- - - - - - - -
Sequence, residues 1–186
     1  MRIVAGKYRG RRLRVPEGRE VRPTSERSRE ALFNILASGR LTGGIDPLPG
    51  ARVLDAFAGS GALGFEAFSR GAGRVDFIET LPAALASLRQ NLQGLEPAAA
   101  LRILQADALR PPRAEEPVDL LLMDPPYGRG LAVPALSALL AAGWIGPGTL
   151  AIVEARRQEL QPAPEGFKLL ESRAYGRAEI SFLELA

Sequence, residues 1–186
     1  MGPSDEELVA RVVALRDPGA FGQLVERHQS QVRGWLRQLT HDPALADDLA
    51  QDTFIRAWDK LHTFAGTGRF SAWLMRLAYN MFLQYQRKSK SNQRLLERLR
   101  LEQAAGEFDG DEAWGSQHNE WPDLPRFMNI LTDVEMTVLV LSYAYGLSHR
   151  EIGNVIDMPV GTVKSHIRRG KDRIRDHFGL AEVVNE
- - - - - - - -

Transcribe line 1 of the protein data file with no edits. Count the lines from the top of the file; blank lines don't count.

Sequence, residues 1–186